Limited electricity outages won't strand rail passengers


POSTED: Friday, January 16, 2009

Readers like Roger D. Van Cleve (Letters, Jan. 11) who wonder how power outages would affect Honolulu's proposed rail transit system will find their questions answered on the project's blog,, and in our newsletter's January issue, which will be in mailboxes shortly.

As our newsletter relates, the most likely occurrence is a limited power outage in one or multiple areas along the East Kapolei to Ala Moana Center route. Because trains will draw power from many different points along the route, limited outages should not affect service; if power fails in one area, the system will use electricity from another area to continue moving trains and passengers.

We also are planning for the unfortunate event of a major outage along the route. This would stop train propulsion. In that event, modern rail cars will brake safely as they stop. Trains and stations will remain well lit, with backup batteries providing lighting for several hours. The system's operations center will communicate with passengers via the public address system and intercom and relay updates on the situation.

If power is restored within a short time, trains will start moving again. With a prolonged outage, the operations center will direct passengers to exit the trains and walk a short distance to the nearest station on a clearly illuminated path on the guideway. For those unable to exit rail cars, help will be provided by emergency responders and transit staff.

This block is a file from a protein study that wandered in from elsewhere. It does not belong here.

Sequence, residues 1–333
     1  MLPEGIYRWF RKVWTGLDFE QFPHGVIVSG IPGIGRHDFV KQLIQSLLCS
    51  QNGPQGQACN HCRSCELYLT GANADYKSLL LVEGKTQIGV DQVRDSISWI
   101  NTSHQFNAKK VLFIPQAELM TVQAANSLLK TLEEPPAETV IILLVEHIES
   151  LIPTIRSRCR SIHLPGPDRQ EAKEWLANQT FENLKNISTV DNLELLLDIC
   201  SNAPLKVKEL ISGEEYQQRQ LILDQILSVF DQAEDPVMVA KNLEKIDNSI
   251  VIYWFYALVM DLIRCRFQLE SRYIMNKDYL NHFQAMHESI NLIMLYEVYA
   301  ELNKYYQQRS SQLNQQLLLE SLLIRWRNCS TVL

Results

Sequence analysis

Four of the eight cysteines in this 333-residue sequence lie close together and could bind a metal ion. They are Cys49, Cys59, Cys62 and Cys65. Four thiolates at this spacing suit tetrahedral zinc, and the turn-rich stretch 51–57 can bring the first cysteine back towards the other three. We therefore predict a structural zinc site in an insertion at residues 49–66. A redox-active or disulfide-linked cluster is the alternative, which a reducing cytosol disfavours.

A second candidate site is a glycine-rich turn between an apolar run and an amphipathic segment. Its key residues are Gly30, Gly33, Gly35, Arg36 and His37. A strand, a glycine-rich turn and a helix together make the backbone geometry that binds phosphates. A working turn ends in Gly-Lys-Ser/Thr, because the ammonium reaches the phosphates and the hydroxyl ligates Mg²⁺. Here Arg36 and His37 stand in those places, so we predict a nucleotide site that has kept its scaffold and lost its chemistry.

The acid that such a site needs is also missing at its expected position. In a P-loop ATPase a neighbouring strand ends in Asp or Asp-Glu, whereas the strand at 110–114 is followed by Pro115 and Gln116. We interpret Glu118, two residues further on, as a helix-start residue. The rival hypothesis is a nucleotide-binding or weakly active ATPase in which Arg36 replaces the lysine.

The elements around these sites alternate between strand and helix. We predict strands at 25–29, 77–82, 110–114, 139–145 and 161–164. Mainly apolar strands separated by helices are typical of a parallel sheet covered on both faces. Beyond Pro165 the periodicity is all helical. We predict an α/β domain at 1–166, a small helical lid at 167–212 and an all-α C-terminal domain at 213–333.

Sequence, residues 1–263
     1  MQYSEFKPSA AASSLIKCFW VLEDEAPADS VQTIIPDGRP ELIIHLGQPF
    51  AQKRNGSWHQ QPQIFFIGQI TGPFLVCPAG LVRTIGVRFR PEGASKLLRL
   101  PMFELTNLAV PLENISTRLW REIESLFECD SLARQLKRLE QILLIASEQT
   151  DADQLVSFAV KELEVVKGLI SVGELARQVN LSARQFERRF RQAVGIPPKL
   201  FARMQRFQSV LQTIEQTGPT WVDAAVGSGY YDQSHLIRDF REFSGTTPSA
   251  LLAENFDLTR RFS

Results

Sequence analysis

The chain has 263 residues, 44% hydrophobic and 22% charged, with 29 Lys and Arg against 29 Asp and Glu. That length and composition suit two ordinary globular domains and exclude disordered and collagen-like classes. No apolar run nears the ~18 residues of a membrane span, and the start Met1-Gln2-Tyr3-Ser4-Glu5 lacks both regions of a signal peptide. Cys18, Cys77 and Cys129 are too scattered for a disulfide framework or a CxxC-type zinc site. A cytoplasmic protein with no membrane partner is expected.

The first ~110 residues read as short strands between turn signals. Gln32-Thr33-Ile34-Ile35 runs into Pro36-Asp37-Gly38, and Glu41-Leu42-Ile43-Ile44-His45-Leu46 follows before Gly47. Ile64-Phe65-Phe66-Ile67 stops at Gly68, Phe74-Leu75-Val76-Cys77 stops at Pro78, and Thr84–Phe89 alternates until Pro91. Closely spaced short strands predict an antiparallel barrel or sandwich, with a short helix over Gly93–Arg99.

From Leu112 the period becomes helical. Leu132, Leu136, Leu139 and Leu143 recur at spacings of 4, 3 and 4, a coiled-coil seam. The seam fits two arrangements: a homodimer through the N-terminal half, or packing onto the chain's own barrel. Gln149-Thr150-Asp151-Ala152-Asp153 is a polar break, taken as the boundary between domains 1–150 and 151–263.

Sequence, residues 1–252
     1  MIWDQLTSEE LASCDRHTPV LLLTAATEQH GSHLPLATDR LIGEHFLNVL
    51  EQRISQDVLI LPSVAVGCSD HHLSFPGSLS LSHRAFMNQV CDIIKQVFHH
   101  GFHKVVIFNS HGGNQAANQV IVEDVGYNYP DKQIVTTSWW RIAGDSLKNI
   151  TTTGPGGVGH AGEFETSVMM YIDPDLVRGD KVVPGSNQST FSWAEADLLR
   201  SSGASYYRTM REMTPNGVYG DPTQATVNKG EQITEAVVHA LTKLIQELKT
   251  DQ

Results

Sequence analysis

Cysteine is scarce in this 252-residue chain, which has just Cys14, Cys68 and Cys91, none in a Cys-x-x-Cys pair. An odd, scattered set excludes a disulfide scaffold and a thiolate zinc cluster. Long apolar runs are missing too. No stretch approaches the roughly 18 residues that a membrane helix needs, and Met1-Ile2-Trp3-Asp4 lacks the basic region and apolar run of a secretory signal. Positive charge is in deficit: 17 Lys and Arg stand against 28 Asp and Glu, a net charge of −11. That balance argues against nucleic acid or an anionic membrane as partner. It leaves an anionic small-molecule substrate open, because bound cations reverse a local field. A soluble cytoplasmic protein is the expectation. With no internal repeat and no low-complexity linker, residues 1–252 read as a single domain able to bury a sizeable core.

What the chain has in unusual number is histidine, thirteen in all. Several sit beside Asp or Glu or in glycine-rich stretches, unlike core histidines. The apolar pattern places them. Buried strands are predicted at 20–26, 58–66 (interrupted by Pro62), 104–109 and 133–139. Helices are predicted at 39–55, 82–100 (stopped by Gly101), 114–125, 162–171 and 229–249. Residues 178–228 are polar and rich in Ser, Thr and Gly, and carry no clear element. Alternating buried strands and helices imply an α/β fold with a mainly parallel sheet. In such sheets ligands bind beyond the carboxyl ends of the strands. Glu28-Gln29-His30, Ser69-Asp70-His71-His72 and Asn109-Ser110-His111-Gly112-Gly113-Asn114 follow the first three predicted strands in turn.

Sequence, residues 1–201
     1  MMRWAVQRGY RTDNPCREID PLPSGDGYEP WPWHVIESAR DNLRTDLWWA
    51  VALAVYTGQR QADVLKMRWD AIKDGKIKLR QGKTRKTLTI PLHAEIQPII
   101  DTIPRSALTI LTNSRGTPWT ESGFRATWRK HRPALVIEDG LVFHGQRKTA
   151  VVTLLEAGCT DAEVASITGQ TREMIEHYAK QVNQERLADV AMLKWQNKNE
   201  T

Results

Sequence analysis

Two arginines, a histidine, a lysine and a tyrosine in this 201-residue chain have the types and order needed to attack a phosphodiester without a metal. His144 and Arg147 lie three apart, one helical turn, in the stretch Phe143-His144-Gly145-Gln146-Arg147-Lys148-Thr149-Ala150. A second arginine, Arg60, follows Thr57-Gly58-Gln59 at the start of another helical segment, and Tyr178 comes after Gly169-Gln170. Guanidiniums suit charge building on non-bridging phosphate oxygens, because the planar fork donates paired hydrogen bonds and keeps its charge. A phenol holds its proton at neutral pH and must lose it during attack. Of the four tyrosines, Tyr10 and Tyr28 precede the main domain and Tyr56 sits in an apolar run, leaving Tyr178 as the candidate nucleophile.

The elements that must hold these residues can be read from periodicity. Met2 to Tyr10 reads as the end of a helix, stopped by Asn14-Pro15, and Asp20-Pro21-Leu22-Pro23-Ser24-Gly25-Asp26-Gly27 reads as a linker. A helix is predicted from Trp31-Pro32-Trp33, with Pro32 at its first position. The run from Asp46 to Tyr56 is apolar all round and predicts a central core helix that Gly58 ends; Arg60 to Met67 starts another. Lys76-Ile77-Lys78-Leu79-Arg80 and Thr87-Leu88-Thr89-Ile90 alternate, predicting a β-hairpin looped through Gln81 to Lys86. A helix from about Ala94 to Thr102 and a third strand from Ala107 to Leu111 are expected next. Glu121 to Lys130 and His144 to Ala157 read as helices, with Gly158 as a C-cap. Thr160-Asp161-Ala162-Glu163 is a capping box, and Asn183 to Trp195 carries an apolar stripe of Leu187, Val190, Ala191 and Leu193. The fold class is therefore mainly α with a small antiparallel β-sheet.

Passengers will be met at the train station by a coordinated response from first responders and city transportation workers.

Ultimately, prevention and preparation are the keys to ensuring rider safety. Project engineers are developing comprehensive safety policies and procedures with Honolulu's police, fire and emergency services. Research is one of our most important tools; we are closely studying the best practices from other areas. For example, later this month our city's first responders will discuss these issues with a leader from San Francisco's Bay Area Rapid Transit system who has extensive experience in fire, rescue and disaster planning.

Passenger safety is and always will be a priority with Honolulu's rail transit system.


Jim Dunn is design manager at Parsons Brinckerhoff. Harvey Berliner is interim safety and security manager for the City and County of Honolulu.